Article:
At what age can I begin training my puppy?

The idea that puppies shouldn’t start training until they are six months old is definitely a myth and it probably developed because puppies didn’t used to be fully vaccinated until this time.  However, training your new puppy can most certainly start from day one when you get him home and, by doing this, you will be well on your way to an obedient and well adjusted family pet.

Puppies are capable of learning from a very early age and over the past few decades much has been learnt about the importance of training and socialization of young puppies.  We now know that training can begin as soon as a puppy is brought home.

It is important that puppies are brought up understanding the behaviours that are good, rather than punishing them for doing the ‘wrong’ thing.  In a pup’s mind, some behaviours that we regard as being bad, are actually just normal, instinctual things – chewing and biting for instance is the way in which a pup learns about his environment.

Here are four things you can teach your new pup straight away:

  • Housetraining. The details of how to go about housetraining your puppy can be found in another of our Holidays4Dogs articles, but the main thing to remember is that your pup will need constant supervision to monitor when he is likely to need the loo.  NEVER scold your puppy for accidents in the house, (simply calmly interrupt him if you see him do it and take them outside).  Give loads of praise when he perform in the right place.

  • Name.  This is an obvious one, but one that needs to begin as soon as you get your puppy home.  Keep using your pup’s name and whenever he looks or turns towards you, reward him lavishly!  He will quickly understand that his name means you want his attention.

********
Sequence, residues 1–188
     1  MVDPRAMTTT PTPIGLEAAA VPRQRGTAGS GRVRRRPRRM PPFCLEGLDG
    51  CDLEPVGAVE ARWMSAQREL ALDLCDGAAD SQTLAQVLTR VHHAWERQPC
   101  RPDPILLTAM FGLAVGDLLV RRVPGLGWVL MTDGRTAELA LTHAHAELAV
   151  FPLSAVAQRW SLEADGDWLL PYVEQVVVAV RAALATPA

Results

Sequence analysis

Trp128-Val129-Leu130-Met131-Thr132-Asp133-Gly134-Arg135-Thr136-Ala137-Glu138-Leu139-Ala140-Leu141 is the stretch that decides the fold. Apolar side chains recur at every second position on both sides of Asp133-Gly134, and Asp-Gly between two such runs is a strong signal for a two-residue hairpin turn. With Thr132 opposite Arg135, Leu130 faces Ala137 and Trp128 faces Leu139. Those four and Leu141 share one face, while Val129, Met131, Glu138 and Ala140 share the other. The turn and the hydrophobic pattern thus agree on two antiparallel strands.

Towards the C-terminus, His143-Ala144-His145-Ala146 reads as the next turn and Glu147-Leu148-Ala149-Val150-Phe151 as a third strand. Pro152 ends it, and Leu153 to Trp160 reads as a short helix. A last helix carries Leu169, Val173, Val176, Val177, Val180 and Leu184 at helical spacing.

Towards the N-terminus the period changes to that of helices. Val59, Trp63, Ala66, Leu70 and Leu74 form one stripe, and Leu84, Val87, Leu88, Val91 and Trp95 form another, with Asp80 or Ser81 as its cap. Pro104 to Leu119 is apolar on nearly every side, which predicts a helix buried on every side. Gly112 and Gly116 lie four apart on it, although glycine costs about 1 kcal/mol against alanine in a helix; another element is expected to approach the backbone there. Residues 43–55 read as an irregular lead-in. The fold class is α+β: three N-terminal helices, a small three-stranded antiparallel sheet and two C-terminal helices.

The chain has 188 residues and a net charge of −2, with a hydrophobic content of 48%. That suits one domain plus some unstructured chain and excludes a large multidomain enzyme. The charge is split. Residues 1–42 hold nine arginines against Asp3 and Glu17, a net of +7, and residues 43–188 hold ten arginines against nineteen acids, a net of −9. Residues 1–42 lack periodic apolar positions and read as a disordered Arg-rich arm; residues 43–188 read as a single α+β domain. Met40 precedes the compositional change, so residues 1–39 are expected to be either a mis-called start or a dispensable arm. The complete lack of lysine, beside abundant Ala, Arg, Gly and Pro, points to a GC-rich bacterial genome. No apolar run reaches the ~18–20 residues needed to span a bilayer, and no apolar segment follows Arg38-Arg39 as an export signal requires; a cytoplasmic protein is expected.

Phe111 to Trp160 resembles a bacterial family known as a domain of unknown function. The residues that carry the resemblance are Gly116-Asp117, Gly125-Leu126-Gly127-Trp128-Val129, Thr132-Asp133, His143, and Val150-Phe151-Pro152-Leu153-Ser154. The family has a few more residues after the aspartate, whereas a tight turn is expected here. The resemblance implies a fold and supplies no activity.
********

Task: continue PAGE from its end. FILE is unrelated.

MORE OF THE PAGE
• Bite inhibition. As we have pointed out, puppies explore the world around them using their mouths, but unfortunately this can mean their very sharp teeth sometimes come into contact with human skin.  Should this happen, let out a loud yelp and remove your hand (or foot) away from the puppy.  Offer the puppy something he IS allowed to chew.  If he fails to calm down, separate yourself from the pup for a minute or two and see if this encourages him to settle.

  • Basic obedience.  Puppies can learn quite complex things even at a young age, but in the beginning focus on things like ‘sit’ and ‘down’. Use food or toys to lure your pup into position and praise as soon as his bottom hits the floor, or his front feet slide into a down.  You can also being to teach recall, (using his name) and plenty of toys and treats to encourage him to come to you.

Training puppies is very rewarding and while you should certainly begin this as soon as you bring your new puppy home, it is equally important not to overwhelm him. Try not to move too quickly onto more complicated behaviours.  Stick with the basics for a few weeks and make sure your pup really understands these before trying new things.  Clicker training is a brilliant way to train young puppies but keep sessions short throughout the day and allow plenty of down time.  Sometimes you may find it is a case of two steps forwards and three steps back!  But keep at it, be consistent and patient and you will soon see that your puppy is developing into a clever adult.

If you want inspiration, I once had a dog training colleague who brought his ten week old collie pup to training classes and demonstrated a controlled recall – the pup was left in a sit stay, handler walked a few paces away, turned around and called the pup, who ran straight to him and sat!  Puppies can be impressively good at learning what we want of them and both owner and pup can have a lot of fun building a strong bond that will last a lifetime.

You can read about puppy socialization and how to go about it in our next Holidays4Dogs article.